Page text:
But even this relatively expansive vision of secession rights is not enough to justify what may soon happen in Crimea. The reason is that Crimean secession for the purpose of joining Russia is likely to result in human rights violations. It is safe to assume that Russian rule in Crimea will be at least as oppressive as it now is in Russia itself. And that rule has included numerous severe violations of human rights, including censorship of opposition speech, intimidation and imprisonment of dissidents, and persecution of gays and lesbians, among others. Vladimir Putin has ruled Russia exactly as one would expect from a former KGB officer. There is no reason to believe that he would rule Crimea any differently. Indeed, the extent of repression in Crimea could even be greater, since the region has substantial Ukrainian and Crimean Tatar populations, both of which have strong historical reasons to oppose Russian rule. The Tatars in particular have a long history of repression, genocide, and mass murder at the hands of Russian and Soviet rule. Putin and his allies in Crimea might resort to harsh tactics to suppress opposition from these two groups.
The above analysis assumes that a majority of the Crimean population wants to secede and join Russia. Because the region’s population is about 58% Russian, this could well be true. But it is far from certain. The new Crimean government that called the referendum came to power in a coup last week. It is headed by Sergey Aksyonov, a former organized crime boss known as “the Goblin,” whose pro-Russian party got only 4% of the vote in the most recent Crimean election. Whether the new regime and its secession plan really do enjoy majority support in Crimea is at least questionable. We may never know for sure, since Putin and his Crimean allies probably won’t hesitate to resort to fraud, should the vote look likely to go against them, just as Putin has done with elections in Russia itself.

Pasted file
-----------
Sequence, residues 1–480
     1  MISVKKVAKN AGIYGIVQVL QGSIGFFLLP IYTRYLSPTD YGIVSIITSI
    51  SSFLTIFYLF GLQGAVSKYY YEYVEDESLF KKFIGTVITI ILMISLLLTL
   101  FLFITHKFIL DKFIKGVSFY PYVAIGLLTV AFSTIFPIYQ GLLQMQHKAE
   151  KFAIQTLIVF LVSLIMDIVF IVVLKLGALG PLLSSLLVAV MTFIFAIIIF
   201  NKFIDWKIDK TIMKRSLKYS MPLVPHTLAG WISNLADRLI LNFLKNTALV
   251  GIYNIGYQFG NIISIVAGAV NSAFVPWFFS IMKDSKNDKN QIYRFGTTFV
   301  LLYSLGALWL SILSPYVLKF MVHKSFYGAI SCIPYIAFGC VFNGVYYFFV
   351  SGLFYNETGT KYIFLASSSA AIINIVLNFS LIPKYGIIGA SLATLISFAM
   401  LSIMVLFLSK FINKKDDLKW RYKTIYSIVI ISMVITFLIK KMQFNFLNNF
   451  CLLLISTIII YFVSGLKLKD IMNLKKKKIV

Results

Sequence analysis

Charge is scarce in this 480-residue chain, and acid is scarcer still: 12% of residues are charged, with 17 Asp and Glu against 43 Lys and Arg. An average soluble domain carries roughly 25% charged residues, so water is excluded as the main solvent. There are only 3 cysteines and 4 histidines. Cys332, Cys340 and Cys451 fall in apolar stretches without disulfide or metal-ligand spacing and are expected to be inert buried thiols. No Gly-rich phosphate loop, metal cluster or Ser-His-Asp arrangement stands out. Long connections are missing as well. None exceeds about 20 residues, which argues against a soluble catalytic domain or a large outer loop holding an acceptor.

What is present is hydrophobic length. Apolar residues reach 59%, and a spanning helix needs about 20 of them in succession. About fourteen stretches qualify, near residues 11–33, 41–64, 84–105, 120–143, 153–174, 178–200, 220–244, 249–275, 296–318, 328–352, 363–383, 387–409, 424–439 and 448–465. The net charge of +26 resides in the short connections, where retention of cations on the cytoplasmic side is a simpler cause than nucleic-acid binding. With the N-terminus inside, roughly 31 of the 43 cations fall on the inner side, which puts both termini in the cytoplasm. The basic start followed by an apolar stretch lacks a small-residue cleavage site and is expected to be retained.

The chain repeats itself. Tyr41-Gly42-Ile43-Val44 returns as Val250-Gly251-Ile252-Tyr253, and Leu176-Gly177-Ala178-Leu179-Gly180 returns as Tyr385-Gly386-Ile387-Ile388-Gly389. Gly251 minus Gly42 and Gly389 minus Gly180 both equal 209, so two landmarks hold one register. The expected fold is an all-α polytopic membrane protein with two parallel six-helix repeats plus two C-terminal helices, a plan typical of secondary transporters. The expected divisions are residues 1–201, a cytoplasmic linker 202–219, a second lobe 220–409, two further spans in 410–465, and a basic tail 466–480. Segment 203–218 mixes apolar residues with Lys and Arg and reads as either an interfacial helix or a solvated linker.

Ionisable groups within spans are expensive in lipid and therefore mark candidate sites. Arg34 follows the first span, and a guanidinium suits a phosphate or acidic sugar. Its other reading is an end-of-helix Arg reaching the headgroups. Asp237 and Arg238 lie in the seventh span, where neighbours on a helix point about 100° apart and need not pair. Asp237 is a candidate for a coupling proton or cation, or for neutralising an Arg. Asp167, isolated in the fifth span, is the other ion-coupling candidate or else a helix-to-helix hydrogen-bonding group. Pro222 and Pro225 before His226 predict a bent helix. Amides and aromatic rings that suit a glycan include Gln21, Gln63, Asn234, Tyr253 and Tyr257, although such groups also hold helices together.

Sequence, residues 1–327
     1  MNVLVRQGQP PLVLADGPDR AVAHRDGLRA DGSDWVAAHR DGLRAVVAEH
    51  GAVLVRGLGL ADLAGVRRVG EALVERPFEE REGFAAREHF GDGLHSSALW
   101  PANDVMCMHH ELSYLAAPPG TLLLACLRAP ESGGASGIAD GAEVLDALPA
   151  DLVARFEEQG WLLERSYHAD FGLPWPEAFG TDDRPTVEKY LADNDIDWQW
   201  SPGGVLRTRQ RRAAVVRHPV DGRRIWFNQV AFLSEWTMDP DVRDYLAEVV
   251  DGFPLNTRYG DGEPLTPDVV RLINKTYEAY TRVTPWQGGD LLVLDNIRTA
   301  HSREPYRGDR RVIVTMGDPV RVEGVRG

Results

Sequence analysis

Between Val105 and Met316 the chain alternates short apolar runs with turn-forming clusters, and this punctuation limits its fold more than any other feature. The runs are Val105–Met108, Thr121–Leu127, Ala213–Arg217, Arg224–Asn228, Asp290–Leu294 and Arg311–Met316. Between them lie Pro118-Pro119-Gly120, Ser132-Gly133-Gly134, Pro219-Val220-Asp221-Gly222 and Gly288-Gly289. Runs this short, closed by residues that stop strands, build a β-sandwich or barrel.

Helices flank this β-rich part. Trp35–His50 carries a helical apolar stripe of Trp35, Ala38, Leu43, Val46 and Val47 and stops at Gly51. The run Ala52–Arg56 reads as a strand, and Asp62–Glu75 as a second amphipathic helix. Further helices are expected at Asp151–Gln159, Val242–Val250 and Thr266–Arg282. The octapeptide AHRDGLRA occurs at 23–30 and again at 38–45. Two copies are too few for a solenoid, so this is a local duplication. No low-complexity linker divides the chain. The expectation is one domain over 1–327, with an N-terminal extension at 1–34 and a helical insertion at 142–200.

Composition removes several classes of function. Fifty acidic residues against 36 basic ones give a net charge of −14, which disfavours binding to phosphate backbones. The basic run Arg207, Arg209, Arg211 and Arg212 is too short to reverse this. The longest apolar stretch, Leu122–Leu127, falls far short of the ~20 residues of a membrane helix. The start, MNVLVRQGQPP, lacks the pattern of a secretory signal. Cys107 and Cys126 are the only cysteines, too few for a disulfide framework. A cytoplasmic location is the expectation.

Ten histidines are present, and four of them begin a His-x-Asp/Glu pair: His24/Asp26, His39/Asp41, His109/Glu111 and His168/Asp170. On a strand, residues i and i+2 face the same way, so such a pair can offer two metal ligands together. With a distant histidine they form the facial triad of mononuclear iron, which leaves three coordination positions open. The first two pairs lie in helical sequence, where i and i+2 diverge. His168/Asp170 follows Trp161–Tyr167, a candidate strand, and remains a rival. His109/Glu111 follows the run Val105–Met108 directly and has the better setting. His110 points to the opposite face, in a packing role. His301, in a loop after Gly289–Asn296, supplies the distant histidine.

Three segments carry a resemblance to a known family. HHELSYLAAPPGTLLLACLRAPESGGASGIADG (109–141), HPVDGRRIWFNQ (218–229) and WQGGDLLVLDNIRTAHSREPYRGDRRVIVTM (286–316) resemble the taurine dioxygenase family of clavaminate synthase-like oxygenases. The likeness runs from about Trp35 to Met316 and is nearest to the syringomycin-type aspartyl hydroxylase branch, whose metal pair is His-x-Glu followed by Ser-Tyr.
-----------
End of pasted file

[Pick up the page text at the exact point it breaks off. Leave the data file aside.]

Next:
The bottom line is this: Even from a perspective broadly sympathetic to secession rights, there is no defensible justification for the present attempt to detach Crimea from Ukraine and make it part of Russia.
UPDATE: Thomas Fleming of the Rockford Institute responds to this post here. His response is confused on several key points. For example, he seems to assume that I endorse all three of the above theories. In reality, I support Wellman’s view. But I also think it important to point out that Crimean secession is illegitimate under other widely held positions, even if I personally don’t agree with those views. We can be more certain that an action is wrong if it stands condemned from a variety of otherwise divergent viewpoints.
Fleming also seems to believe that the three theories of the morality of secession are somehow invalid merely because real-world governments don’t consistently adhere to them. But the purpose of moral principles is to evaluate actions, not describe them. Real-world governments also don’t consistently follow moral principles against rape, murder, and theft. But that doesn’t mean those principles are unsound. It just means that governments sometimes act immorally.
Fleming is also inaccurate in some of his descriptions of the three theories of secession. For example, he thinks they are somehow “postmodernist,” even though all three are based on ideas that long predate postmodernism.